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17 July 2019
Allergy, Food Allergy
- Healthcare

The European Medicines Agency (EMA) launched a public consultation on the basis of a concept paper for a ‘Guideline for allergen products development in moderate to low-sized study populations’.

The proposal tackles the cases where the evaluation of an allergen product is inadequate due to the lack of sufficient number of patients for the clinical trials. This is true for various types of allergies (low prevalence), which creates an unmet medical need for effective diagnosis and treatment.

So far, one of the major barriers has been the existence of several allergies in individual patients, which makes the identification of patients with just one allergy challenging.

The future guideline aims to address this and other problems, covering general aspects of allergen product development such as patient selection, efficacy assessment, therapeutic studies design, safety and quality considerations.

EFA welcomes the initiative, as it addresses an unmet medical need in disease areas of limited or no targeted and effective treatment options, which are easily overlooked or considered as covered by existing guidelines and treatments.

EFA main points to EMA public consultation on allergen product development in low-sized populations

EFA participated in the public consultation by further pointing the following aspects:

  • EMA should put forward a list with all the types of allergy that will fall under the proposed guideline, as a way to ensure regulatory clarity and informed decision-making by healthcare professionals and patients.
  • In the discussion about allergic rhinitis/rhino conjunctivitis, EFA suggests adding an element on the quality of life of patients.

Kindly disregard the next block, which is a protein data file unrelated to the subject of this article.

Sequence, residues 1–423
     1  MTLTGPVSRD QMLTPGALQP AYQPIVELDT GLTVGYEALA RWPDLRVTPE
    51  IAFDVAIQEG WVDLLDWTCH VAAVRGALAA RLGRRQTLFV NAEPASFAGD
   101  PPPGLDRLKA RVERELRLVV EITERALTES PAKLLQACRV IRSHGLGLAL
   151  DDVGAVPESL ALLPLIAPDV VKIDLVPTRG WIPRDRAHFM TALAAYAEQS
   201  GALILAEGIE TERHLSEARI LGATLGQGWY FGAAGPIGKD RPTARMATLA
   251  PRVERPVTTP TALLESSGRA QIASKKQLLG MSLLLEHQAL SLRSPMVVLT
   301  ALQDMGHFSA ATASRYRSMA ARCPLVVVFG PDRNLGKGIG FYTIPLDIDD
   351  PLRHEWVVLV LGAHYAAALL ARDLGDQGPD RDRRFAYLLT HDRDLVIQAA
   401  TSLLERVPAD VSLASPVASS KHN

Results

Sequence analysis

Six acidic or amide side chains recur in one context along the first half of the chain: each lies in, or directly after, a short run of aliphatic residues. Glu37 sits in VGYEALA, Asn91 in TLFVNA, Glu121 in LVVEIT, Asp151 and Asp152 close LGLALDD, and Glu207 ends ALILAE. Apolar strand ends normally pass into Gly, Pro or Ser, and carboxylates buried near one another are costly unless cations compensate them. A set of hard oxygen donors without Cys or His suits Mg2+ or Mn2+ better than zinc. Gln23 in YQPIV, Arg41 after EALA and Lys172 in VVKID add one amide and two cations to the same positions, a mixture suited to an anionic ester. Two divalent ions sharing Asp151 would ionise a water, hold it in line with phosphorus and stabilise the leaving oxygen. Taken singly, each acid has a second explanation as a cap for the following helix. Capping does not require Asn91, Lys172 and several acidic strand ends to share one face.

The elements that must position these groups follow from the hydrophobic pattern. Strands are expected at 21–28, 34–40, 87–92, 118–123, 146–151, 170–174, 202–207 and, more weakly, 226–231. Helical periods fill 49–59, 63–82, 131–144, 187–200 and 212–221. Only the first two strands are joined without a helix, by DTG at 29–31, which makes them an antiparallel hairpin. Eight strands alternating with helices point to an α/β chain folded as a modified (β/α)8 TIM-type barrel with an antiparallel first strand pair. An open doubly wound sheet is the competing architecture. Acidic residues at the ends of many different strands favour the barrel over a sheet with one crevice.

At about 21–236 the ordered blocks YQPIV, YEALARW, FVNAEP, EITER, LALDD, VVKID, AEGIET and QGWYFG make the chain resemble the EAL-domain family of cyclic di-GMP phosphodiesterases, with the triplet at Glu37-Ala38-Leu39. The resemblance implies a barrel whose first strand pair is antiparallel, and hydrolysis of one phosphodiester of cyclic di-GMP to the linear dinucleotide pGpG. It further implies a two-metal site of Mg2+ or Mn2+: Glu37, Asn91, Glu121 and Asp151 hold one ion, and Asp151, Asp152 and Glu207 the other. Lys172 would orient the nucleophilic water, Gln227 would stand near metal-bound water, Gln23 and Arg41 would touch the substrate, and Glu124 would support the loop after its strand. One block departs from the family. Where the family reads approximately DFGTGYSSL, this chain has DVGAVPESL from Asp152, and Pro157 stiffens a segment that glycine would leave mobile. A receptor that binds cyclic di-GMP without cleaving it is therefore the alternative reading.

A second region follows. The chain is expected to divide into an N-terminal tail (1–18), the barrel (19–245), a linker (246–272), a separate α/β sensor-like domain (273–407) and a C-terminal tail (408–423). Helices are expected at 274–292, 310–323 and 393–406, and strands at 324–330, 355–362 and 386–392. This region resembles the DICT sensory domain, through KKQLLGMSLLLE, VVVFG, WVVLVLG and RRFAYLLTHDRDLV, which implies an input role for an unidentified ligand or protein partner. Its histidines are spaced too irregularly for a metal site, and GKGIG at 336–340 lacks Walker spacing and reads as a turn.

• Given the limits imposed by the difficulty to find patients with just one allergy, EFA calls for the development of clinical trial samples that are closer to the real allergy patient population, that is, people living with a spectrum of atopic disease and (allergic) asthma, beyond just one low prevalence allergy. At the same time, low prevalence diseases could be better studied through techniques such as the collection and analysis of Real World Data or even via the development and analysis of specific patient-reported outcomes that could then lead to a more standard clinical trial approach.
  • Although EFA acknowledges that allergies are multi-systemic diseases that typically affect multiple organs, we insist that the general lines of effective diagnosis and treatment of allergy in clinical care should only be set by medical doctors with specialised training in allergology.

The full EFA response to the EMA consultation on allergen product development in low-sized populations is available here.

We thank all our Members from EFA Asthma and Allergy, and EFA Atopic Eczema Working Groups for their contributions in putting this response together.